I am short. My draw length was measured last fall at something like 25 1/2 inches. Standard measurement is 28″. So you can imagine my elation when we made the realization that my draw length is now longer!!! I don’t have the new measurement yet. But if I can be hitting 27 inches that would be fantastic!

So, I started anchoring at the back of my jaw. The string lined up over my right eye, center on nose, slightly right on lips. WOOT! And. Suddenly. My groups got tighter.

image

After changing anchor, at 8m

Talk about tightening up the circle!

After the lesson I sidled over to the 18m lane to continue working on the new anchor point.

image

More Gold, Please! At 18m

I suffered a few bow arm issues that sent one arrow into the red. But do you see the other two? That’s gold, baby!

I still need to fine tune my sight. But I can’t really do that until my anchor is a little more consistent and settled. A few more days of practice should let me be consistent enough to know what, if any, changes need to be made to my sight settings. But I’m so happy that the changes to me yielded such immediate results!

It’s Been a While

It’s Been a While

I’ll admit it. I lagged about blogging. Blew it off for a while. You see, there didn’t seem to be a lot to write about. After the Longhorn Invitational I was in a very transitional period. I had just made the switch from Barebow to Olympic Recurve, but I didn’t have any Olympic Recurve equipment.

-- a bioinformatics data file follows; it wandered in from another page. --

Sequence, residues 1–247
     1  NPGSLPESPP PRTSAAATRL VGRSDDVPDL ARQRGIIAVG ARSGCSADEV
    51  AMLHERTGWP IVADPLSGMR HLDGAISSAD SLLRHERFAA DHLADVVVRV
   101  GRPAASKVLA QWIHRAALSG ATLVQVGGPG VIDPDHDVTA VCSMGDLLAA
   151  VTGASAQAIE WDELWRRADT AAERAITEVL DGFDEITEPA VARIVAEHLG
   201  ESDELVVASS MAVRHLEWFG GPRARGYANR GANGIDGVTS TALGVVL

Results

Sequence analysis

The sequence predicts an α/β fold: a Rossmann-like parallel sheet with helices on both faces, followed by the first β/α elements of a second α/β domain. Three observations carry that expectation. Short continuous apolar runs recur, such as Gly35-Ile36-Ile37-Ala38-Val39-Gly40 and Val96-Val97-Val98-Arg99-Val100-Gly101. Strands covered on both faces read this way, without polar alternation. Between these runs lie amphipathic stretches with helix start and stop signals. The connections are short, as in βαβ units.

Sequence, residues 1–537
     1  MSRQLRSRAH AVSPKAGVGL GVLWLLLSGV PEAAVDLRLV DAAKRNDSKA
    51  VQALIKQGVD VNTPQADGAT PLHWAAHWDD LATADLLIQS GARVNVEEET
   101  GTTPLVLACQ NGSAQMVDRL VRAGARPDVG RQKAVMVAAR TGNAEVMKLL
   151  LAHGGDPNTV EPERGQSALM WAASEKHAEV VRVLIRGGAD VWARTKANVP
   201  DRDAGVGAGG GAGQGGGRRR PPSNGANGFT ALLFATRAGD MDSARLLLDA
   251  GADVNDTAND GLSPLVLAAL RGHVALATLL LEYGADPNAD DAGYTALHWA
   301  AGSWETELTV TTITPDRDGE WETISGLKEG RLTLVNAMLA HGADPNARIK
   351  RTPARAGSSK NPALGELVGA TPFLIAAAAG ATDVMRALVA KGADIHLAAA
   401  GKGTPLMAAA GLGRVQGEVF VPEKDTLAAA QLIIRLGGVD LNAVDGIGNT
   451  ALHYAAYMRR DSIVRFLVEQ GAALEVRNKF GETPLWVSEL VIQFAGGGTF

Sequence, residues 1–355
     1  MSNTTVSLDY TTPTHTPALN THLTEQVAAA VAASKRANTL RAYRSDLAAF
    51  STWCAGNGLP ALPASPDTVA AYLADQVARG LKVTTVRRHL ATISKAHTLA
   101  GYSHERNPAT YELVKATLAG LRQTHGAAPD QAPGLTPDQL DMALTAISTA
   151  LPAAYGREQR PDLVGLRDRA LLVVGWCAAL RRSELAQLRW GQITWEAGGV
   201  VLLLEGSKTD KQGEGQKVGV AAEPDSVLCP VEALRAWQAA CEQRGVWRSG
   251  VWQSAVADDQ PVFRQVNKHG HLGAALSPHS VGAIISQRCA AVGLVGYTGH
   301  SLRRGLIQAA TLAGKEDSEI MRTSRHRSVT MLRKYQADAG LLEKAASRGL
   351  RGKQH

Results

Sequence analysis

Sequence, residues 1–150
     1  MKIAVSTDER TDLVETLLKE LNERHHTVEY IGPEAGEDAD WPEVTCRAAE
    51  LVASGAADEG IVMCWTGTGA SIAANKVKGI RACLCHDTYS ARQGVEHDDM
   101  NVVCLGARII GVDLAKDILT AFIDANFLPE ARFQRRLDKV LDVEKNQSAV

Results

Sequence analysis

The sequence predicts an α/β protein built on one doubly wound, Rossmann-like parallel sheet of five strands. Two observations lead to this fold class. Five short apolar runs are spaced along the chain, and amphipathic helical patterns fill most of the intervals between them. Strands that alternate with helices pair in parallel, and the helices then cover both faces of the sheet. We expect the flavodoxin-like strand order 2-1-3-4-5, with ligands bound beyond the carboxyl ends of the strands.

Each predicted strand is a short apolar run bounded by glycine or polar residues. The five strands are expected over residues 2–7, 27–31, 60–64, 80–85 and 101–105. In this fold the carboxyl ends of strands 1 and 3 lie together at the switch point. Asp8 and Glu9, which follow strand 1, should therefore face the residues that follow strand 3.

Add to that the fact that the range close to my home shut down right before Christmas and I was in a big funk when it came to archery.

How would I practice? What would I practice with? How was I going to reach all those lofty goals I dreamed about?

I wanted my range back, with its form room with mirrors where I had managed to make so much progress. Where it wasn’t so insanely busy all the time that getting through a private lesson is sometimes difficult.

I wanted to pout about not being able to use my own bow anymore, because as much as I love my Samick Polaris, its just not made for all the sights and stabilizers and plungers and clickers an Olympic Recurve competition bow needs. Oh, its drilled for them. But the plungers and sight don’t fit because the wooden riser is thicker than the machined aluminum recurve risers. So the parts don’t play well together.

Then. It came. A dear friend of mine surprised me by buying me probably the best Olympic recurve riser on the market. And dear god is it beautiful. In a textured matte black with a grip that fits my (admittedly small) hand like a freaking dream.

The Man bought me everything else but limbs (we have to budget these things out, or not eat). The shiny silver plunger and the delicate shiny black arrow rest and the I-didn’t-know-they-made-strings-like-that string. And the bag to carry it all in. And more arrows.

Another good friend sauntered over to me at the range and said, basically, “use my awesome Samick limbs and these other awesome carbon wood limbs until yours come in. I’m not shooting anyway”. And my jaw dropped and I wanted to cry.

Because now I had a bow again.

image

He is named Raptor

There is still work to do. The tax refund check will buy a v-bar stabilizer system, a split finger tab, and a set of Hoyt 720 limbs.

My first outdoor competition is in a month, the Uno at University of Texas in Austin. And I am beyond excited!!! My coach is excited, too. Coach Holly kept me motivated enough while being sympathetic and understanding of my slump. I cannot say enough about her. I cannot rave enough about the kindness and generosity of the people I shoot with.

Archery peeps are just damn good people.